Kokua is a Hawaiian word, that translates as "extending loving, sacrificial help to others for their benefit, not for personal gain..." Hawaii indeed has something to teach the world, other than the Hula. If you remember, Hawaiians embraced visitors from the outside world with a smile, flower leis, and their word for 'welcome' and 'love,' "Aloha."
And what did Americans do when they were thusly invited as a guest into their beautiful islands?
American businessmen, with the help of a garrison of US Marines overthrew Hawaii's queen by arresting and imprisoning her and claimed Hawaii for America... Hawaiians will never forget that.
Yet, they smile, drape a flower lei over your shoulders, and say softly, "Aloha."
The world is a global economy and America has long dominated it with little regard for the wellbeing of people abroad, often supporting dictatorial regimes that brought harm to its own citizens, including those of Saddam Hussein in Iraq, of Marcos in the Philippines, Pinochet in Chile, Batista in Cuba, and many more. In Hawaii, it set up a new government and abandoned the Hawaiian monarchie, not to liberate the Hawaiian people, but to control the strategically situated island group and carve up its resources so that greedy businessmen could build legacies that to this day bear their names (and shame as plunderers of 'paradise'). The Office of Hawaiian Affairs has a long and tainted past, with few Hawaiians having benefitted from its programs. A once proud nation reduced to entertainers and workers at Waikiki hotels...
You may not agree with my sketch of American-Hawaiian history, but it does illustrate a policy of greed, military might, and mingling in the affairs of independent nations. Any parallels with the present are, of course, purely coincidental, but one may deduct that "freedom," when administered by US Marines, may be harmful to your wellbeing.
As responsible global citizens we ought to extend 'kokua' to the global community and people in less industrialized communities or countries striving to establish a valid economic existence—often engaged in agriculture and the production of handmade products. The politics of the past have not quite resulted in creating 'friends for life' overseas, and American corporations have further eroded goodwill with predatory practices. Still, as American businesses we should be encouraged to design and manufacture either locally or abroad, without bringing harm to the American worker—a current theme of 'Buy America' protectionists that are nationalistic in sentiment.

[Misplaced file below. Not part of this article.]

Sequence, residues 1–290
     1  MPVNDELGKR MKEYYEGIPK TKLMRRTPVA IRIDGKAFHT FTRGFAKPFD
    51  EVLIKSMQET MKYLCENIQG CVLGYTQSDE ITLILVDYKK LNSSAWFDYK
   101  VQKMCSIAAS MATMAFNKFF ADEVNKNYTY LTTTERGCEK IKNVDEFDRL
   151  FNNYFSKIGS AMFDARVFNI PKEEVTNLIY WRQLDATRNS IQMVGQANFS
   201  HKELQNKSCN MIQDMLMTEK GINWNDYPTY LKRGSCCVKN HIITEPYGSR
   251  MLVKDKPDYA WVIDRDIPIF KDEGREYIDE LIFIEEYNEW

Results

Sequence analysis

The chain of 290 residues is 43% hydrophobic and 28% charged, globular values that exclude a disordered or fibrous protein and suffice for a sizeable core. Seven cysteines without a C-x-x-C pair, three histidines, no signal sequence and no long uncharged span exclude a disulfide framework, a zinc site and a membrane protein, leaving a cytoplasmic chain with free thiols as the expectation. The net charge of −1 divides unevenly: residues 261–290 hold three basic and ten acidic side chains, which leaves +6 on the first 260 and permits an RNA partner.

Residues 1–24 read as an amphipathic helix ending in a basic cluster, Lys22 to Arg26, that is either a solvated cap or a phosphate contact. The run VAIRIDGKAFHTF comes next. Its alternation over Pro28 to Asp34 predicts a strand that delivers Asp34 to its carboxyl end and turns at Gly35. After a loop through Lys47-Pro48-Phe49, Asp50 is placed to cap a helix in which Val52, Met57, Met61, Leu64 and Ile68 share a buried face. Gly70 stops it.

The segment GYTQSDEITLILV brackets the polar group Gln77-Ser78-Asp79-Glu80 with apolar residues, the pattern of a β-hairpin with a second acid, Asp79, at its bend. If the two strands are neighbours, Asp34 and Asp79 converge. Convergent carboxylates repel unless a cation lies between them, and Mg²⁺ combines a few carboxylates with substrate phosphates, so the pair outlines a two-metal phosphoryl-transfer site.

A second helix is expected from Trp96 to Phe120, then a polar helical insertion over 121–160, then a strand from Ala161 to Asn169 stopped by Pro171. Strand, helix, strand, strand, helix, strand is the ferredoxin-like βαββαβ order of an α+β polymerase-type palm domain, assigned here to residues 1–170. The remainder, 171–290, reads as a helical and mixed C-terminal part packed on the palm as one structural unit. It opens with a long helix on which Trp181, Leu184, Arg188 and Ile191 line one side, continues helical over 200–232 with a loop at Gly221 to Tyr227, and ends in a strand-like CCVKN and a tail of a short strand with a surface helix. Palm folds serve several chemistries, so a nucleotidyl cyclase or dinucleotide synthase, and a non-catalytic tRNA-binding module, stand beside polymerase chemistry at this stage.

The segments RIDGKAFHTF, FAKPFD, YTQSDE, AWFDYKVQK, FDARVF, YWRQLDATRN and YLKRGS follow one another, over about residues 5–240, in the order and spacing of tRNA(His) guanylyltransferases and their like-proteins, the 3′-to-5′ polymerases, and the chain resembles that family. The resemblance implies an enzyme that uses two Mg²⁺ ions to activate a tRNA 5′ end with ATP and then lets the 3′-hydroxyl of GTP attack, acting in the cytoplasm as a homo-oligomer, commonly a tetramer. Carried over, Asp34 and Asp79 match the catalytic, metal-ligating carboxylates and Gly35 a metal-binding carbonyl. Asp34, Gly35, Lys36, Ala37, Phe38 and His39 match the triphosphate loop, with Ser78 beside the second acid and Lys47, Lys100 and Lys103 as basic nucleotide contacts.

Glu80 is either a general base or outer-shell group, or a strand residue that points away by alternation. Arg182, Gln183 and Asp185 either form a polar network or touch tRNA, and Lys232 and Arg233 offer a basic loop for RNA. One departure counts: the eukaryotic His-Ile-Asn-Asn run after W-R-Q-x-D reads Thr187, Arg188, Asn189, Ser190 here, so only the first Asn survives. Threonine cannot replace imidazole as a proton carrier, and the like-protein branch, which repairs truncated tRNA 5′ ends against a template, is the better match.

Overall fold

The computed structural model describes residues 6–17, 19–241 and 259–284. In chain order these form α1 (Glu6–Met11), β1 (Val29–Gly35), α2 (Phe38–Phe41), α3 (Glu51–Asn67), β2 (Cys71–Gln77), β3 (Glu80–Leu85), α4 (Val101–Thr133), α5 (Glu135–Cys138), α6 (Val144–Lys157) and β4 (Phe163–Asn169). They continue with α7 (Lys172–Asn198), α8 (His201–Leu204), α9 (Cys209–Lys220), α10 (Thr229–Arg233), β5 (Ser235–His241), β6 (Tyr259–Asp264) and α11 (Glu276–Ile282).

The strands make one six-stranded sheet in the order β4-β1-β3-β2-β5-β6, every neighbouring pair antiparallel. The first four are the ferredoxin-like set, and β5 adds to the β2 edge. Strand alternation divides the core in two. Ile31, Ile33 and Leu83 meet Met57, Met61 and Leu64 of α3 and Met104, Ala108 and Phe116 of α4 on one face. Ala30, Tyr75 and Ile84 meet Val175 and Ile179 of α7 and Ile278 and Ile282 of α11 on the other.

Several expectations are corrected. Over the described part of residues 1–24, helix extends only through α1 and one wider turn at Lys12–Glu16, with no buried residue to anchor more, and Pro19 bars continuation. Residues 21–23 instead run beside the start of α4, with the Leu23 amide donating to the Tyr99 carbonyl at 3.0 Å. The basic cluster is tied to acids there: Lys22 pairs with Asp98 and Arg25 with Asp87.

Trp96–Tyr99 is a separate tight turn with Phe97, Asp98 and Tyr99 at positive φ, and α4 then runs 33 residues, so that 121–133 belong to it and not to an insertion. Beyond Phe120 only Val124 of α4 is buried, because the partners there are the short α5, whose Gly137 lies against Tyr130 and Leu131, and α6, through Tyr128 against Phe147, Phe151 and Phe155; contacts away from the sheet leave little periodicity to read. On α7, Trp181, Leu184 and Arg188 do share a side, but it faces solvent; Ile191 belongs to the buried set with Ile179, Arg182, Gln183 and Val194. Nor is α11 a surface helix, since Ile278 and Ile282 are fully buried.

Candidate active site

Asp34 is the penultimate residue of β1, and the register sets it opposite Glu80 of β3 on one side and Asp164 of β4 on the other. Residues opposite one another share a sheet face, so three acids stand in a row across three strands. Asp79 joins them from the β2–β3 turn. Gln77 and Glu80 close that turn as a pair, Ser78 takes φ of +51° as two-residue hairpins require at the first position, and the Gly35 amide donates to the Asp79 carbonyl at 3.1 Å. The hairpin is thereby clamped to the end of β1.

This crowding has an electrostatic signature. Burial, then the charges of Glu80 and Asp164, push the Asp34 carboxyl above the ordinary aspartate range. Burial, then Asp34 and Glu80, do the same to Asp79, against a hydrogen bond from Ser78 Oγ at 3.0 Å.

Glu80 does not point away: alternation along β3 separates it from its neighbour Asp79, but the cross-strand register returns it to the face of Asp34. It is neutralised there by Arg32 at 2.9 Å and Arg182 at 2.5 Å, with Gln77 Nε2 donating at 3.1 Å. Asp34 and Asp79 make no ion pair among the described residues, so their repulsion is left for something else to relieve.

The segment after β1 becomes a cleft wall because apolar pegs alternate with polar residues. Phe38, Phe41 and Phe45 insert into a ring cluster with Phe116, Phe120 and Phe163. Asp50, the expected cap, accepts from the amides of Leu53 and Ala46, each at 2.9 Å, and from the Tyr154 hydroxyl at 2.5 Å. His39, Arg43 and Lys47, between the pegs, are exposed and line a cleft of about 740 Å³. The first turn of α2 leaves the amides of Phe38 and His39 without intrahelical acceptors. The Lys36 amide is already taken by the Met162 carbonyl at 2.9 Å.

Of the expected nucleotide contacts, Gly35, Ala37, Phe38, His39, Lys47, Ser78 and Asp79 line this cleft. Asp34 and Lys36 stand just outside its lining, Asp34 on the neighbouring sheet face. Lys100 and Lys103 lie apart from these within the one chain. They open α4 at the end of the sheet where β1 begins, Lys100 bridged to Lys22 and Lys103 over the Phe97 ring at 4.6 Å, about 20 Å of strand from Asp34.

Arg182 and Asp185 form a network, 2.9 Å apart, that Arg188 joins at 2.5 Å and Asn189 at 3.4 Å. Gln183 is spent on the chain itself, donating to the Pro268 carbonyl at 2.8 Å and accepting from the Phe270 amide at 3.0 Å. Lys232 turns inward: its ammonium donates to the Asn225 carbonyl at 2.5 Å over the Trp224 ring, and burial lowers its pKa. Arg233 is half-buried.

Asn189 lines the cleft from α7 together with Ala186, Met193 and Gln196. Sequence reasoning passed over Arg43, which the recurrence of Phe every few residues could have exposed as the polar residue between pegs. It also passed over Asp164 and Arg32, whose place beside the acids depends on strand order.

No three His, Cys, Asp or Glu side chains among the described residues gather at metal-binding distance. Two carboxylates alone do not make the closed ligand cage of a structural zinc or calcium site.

If anything, small businesses are able to bring products to market at a fair price that otherwise never would have been produced in the United States, including Hawaii. So, that 'Hawaiian' puka shell necklace you bought in Haleiwa on Oahu's North Shore may have been manufactured in the Philippines. Does it really matter?
Let's not become myopic at a time when the internet is empowering communities around the world and enabling people to trade with one another products and ideas in a peaceful manner. That the large multinational corporations (who themselves are exporting and outsourcing tens of thousands of American jobs) may not like our new trade model is just too bad. Have you been laid off or fired by one of them already? Ebay may be your next source of income. Perhaps if large corporations had behaved as responsible world citizens (think of Dow subsidiary Union Carbide and the environmental disaster in Bhopal, India, that has yet to be cleaned up) people abroad would view American corporations differently. It may be up to us, as consumers, employees, and entrepeneurs to engage in responsible trade that brings pride and approval to all involved, and makes the end-user feel good about their choice. A little Kokua goes a long way. Then, when we are respected as friends we can share our values and perhaps—and never at the point of a gun—spread our personal interpretation of 'Aloha.'
Sure, there will always be large companies trying to dominate one another in the global marketplace, and powerful businessmen will keep finding ways to secure themselves of profit with the aid of politicians and at the cost of shattered lives at home and abroad. It's up to each of us to counterbalance that and engage with one another by spreading Aloha and Kokua. Let every decision be one of vision. A long-lasting vision for long-lasting peace. This we understand better when someone smiles, drapes a flower lei over your shoulders, and says, "Aloha."
©2004 Rudolf Helder